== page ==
Tuesday, July 7, 2015

grace for the weak

Been down a little lately because I haven't arrived yet. My perpetual struggle. When will I be what I want to be? 

When will I be like my friend who does a lot of awesome stuff every day? When will I be like my friend who reaches out to those around her on a grand scale? 

When will I be like my friend who is totally sold out for Christ and all Esther-like and "if I perish, I perish"? 

When will I be like my friend who is the Best Mom Ever? When will I be like my friend who never gives up no matter what?

Never, that's when.

But not because I'm less. I'm not less. I'm right where God wants me to be. 

Romans 12:3 says, "Each according to the measure of faith that God has assigned." 

In her book, Extravagant Grace, Barbara Duguid explains, "We are to think carefully about the fact that it is God who assigns what kind of faith we will have. We don't get to make that decision! God gives strong faith to some and weak faith to others according to his wisdom and plan."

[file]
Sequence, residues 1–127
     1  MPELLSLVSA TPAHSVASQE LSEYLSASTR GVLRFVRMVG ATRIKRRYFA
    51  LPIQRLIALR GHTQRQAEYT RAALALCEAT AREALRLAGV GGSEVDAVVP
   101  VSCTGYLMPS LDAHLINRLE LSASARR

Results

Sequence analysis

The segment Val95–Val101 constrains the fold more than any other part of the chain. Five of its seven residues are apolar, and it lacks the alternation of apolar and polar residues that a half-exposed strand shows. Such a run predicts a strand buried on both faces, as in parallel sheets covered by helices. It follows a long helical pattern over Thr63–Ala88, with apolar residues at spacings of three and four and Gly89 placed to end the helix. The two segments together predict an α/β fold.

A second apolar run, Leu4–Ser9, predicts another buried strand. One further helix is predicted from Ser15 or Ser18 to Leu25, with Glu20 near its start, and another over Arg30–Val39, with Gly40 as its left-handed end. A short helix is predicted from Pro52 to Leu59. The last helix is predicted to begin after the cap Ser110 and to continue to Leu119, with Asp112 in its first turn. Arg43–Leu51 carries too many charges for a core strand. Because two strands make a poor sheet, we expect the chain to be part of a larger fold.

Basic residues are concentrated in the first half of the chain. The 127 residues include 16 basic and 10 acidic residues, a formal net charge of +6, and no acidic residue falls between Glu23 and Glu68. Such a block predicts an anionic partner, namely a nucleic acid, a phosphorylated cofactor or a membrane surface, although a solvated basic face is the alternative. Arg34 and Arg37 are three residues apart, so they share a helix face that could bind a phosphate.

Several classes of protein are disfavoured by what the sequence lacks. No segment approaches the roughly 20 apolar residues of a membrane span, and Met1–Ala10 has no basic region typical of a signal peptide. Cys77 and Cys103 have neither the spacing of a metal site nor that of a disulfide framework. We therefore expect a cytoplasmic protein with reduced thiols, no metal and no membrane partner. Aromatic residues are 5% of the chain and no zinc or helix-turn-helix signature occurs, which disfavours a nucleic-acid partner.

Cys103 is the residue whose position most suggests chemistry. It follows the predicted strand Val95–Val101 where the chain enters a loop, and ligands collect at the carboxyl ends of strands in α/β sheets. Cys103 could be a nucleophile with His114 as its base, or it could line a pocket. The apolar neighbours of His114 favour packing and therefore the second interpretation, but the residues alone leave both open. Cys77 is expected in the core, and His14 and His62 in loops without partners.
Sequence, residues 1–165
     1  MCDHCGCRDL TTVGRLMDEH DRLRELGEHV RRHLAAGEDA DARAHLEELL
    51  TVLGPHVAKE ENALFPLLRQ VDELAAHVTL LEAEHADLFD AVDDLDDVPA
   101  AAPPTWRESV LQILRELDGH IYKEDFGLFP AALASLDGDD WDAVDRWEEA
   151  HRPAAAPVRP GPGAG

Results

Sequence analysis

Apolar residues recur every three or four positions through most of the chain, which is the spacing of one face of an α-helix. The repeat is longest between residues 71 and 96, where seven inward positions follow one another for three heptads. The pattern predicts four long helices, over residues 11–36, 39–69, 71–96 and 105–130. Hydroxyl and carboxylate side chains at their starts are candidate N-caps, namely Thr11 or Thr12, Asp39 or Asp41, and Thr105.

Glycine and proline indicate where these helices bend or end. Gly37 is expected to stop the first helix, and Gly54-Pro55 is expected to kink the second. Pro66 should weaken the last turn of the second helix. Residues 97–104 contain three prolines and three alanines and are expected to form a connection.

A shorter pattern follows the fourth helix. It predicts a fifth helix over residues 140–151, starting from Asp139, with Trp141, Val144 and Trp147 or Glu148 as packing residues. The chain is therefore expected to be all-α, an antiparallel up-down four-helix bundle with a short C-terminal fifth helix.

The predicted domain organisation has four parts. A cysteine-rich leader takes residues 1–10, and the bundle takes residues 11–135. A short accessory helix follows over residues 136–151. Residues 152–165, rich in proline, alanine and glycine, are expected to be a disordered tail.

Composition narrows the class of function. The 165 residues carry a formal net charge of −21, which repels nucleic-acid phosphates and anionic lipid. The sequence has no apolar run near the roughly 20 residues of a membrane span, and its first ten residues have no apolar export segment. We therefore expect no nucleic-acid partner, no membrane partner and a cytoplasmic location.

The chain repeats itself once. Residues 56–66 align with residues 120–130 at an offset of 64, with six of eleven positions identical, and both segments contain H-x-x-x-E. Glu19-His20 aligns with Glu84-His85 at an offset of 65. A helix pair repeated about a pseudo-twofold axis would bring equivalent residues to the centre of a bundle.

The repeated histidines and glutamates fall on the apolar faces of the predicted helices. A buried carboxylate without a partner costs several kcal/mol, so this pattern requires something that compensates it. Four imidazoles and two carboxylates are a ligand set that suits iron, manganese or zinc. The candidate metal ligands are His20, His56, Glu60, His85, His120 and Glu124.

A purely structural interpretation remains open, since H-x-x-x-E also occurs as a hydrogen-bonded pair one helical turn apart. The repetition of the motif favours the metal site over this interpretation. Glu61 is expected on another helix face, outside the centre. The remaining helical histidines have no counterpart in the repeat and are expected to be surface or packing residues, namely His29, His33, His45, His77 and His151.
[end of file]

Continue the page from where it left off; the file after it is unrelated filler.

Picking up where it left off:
So it's his fault, basically. Duguid goes on to say that God has assigned varying amounts of giftedness and grace according to his will, not according to what we wish he would do. A fact which summarily negates the above list of gals I compare myself to. I can't just try harder and be stronger. I can't even "just believe." Rather, I must submit to God's will and work with the faith and gifts that he has ordained for me. 

"It is a devastatingly painful thing," says Duguid, "to be a weak Christian in the American evangelical church today. So much emphasis is put on reading, praying, growing, and victory that there isn't much room left for those God is holding on to with a strong arm." 

Me. That's me. God is holding on to me with a strong arm. I am one of those whom Duguid describes as having just enough faith to be counted as belonging to Christ, but who through the severity of life circumstances that God has assigned and the devastating effects of shaping influences can hardly remember the gospel from day to day.

But it doesn't matter. In Christ, I am also one of those whom Duguid describes as cherished, washed, clean, and wrapped up tightly in the perfect robes of Christ's goodness. Where I have sinned, Christ has obeyed in my place. Repeated failure, which for me produces that nagging, depressed feeling of having not arrived yet, does not mean God is tired of me. Just that he has called me to a difficult struggle and he will hold on to me in all of my standing and falling and bring me safely home.